RBL755 supply withdrawn from use, as RAF prepares to field MBDA's Brimstone missile

The UK Ministry of Defence has followed up on its February commitment to prohibit the use of "dumb" cluster munitions by 2008 by removing the Royal Air Force's air-launched BL755 and RBL755 weapons from service with immediate effect.

The MoD says its current BL/RBL755 inventory comprises 3,650 dispensers with 147 bomblets each, representing a need to dispose of almost 540,000 submunitions. The UK last used the system in early 2003 during the combat phase of the second Iraq war, and will replace the type with its new MBDA Brimstone air-launched anti-armour weapon, which will soon enter service with its upgraded BAE Systems Harrier GR9/9A ground-attack aircraft.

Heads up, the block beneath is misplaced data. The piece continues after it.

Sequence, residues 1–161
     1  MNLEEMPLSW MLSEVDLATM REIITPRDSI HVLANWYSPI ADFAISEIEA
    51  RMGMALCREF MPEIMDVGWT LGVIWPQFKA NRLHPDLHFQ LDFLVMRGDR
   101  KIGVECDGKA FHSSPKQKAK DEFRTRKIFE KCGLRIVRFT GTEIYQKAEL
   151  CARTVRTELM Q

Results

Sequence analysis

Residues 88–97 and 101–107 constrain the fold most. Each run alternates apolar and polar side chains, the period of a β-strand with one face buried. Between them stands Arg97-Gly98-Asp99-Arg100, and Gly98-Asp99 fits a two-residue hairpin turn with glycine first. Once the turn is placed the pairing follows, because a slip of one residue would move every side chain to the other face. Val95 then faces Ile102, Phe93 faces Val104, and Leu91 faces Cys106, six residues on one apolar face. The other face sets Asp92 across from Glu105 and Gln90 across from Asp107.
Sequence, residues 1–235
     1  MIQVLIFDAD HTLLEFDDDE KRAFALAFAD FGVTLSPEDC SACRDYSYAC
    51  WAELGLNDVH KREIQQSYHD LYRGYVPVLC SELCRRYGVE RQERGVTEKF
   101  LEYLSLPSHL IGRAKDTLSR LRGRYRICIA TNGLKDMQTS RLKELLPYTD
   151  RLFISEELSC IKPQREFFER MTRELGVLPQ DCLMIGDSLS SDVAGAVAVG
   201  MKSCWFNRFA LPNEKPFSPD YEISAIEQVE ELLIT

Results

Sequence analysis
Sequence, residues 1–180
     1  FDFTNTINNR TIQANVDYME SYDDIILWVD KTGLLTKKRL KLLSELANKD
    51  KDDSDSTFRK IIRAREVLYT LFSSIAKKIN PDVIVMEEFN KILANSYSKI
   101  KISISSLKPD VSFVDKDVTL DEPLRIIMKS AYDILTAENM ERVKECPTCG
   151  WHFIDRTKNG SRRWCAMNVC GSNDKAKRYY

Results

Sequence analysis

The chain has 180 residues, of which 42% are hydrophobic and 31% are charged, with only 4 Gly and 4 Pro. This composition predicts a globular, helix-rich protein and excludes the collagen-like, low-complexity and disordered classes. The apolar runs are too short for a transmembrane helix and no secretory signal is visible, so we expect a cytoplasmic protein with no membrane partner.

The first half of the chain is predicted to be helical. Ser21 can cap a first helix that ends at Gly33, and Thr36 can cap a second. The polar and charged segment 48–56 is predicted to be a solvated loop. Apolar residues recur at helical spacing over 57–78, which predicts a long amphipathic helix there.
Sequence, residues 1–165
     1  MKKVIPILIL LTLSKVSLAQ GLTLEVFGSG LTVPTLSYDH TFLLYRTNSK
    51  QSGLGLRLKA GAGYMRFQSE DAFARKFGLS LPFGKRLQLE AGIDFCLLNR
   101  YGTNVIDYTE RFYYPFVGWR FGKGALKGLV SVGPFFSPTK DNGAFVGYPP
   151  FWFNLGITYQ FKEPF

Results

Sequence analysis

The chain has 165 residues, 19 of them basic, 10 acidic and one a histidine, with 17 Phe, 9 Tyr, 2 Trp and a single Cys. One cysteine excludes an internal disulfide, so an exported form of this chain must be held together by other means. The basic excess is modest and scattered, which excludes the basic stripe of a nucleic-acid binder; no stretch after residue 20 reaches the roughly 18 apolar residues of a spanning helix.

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The RBL755 cluster bomb (far left and right) was last used in 2003 in Iraq

A contract was awarded to the NATO Maintenance and Supply Agency in late January to dispose of "a significant quantity" of the RAF's BL/RBL755 weapons, with this work scheduled to be completed by late 2010. The air-launched cluster bombs are not believed to be deployed to support coalition operations in Afghanistan and Iraq.

Announcing the accelerated retirement of the stockpile last week, UK secretary of state for defence Des Browne said: "From now on our armed forces will only use cluster munitions with features like self-destruct mechanisms that reduce the risk of harm to civilians."

The UK was among 47 nations to sign an accord to prohibit the use of "cluster munitions that cause unacceptable harm" after attending the Norwegian initiative conference in Oslo during February. The British Army will be required to dispose of almost 28 million cluster weapon submunitions used by its Multiple-Launch Rocket System.


Source: Flight International